Deep Six Introducing (Heavy Soul)
Following on from the Full Fathom Fall EP and recent double A-side single, Brand New Day/
Goodbye Yesterday comes Deep Six’s debut album, Introducing. The recent single was a taster for their album, with both tracks included, as are the four tracks off their EP, both single and EP having been reviewed in Scootering. Something of an 80s Mod supergroup, there’s no question about Deep Six’s abilities and songwriting, especially as Mark ‘Syd’ McGounden of Makin’ Time and Upper Fifth penned most of them! On several tracks there was a collaboration between Syd and Upper Fifth’s Marty Street, also former Threads guitarist Paul Hooper Keely wrote a brace of songs on the album. Introducing consists of 14 original songs, and is available both on CD and good old fashioned vinyl. It’s 60s-inspired, harmony laden, superbly crafted and well delivered, with a nod and a wink in deference to early 60s Mersey beat plus a dusting of blue eyed pop soul. Of the previously unissued numbers on Introducing, Sorry offers uplifting guitar chord patterns and 60s-inspired beat-pop lyrics, Obviously, a laid back, singalong with an easy going aura and In An Empty Room, which has a darker feel, albeit with contrastingly summery harmonies, are the standout tracks. That said, it’s an impressive debut album from start to finish. Given who designed the sleeve artwork (Paul Bevoir of The Jetset), are Deep Six also the Beat Boys for the 21st century? I think they could well be!
Stop Press! Released in August 2017, the first run of CD and vinyl albums were sold out in a matter of weeks; it’s already on its second pressing. Expect a closer look at Deep Six in a forthcoming edition of Scootering.
Pete McKenna Tinseltown (Newhaven Publishing)
Pete McKenna revisits growing up during the 60s and 70s in Blackpool, the North West’s coastal jewel in the crown, also known as Tinseltown. The soul boy, scooter boy, jazz sax musician and writer draws on personal experiences and blends in international and British historical events plus individuals who are in some way linked to his life. His early fractious relationship with his police detective father, which in latter years smooths out, albeit to a degree, is a near constant thread running throughout.Forthright and grittily expressed personal opinions on events and personalities from a wide-ranging number of subjects including wars, scandals, sporting prowess and life in general in the North West, as well as both London and Brighton too, from eras that will never be repeated. There are inclusions of a few of his many experiences with scooters woven into the chapters, along with a couple of tales from his Wigan Casino era. Tinseltown is a history lesson of sorts, served up in his own no-nonsense style, revisiting certain times and adding his evocative overviews. It’s a decent read, and especially relevant to anyone who grew up in the 60s and 70s.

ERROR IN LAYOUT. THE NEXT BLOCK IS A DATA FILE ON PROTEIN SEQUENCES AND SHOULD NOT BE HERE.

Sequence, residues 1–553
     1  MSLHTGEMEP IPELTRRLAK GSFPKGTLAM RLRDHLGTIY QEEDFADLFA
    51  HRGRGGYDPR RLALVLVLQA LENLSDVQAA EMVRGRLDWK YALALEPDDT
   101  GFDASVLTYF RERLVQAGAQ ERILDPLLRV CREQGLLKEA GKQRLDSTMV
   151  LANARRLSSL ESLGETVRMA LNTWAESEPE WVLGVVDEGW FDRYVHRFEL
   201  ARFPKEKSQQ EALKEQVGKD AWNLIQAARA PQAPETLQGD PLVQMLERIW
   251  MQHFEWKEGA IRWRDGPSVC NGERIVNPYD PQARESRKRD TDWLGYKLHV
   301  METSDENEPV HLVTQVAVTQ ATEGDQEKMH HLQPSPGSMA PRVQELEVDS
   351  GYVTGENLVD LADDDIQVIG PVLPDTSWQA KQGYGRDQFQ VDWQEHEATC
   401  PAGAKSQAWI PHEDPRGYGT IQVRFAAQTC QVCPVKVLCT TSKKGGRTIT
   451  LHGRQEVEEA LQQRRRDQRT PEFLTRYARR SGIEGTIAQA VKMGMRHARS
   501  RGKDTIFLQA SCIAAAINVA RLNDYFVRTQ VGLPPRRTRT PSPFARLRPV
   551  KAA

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Tony Beesley Mojo Talkin’ – Under The Influence Of Mod (Days Like Tomorrow Books)
In hardback format, weighing in with over 500 pages, Mojo Talkin’ is a coffee table companion or sister book to author Tony Beesley’s Sawdust Ceasars (Original Mod Voices) from those who lived through them. Continuing in its predecessor’s theme, Mojo Talkin’ expands of the original Mod voices theme with recollections, anecdotes and first-hand experiences, recounted from a plethora of movers and shakers connected with the Mod scene(s) from the 60s to today, embracing all Mod eras in between.
Specific subjects covered in depth include the direct connections between the Mods and skinheads, Mod and punk, even politics and Mod, with the many contradictions. Also, there’s a captivating section that delves into the influence Mod has had on both the large and small screen predominantly, but far from exclusively, during the 60s. For bookworms, a section investigating Mod inspiration in both factual and fictional publications will prove to be more than useful. Other chapters focus on Mod from a female perspective in both the 60s and 80s.Various elements of music-related connections are drawn together with the Mod scenes across the decades plus there’s a sizable amount of unpublished and rare archive images too. Pop art and the history of the use and utilisation of the iconic Mod roundel is examined at length. A plethora of impressively knowledgeable contributors share their personal overview of specific, niche sub-subjects which have been touched, in one way or another, by the hand of Mod, making this an essential book – one to dip in and out of to investigate many of the facets from the Mod spectrum. Although specifically targeted at the Mod market, Mojo Talkin’ has a wider appeal than ‘just’ the Mod-ern world too. It’s a seriously captivating and insightful tome that explores a variety of subjects intertwined in some way with aspects of the Mod scene from across over five decades.
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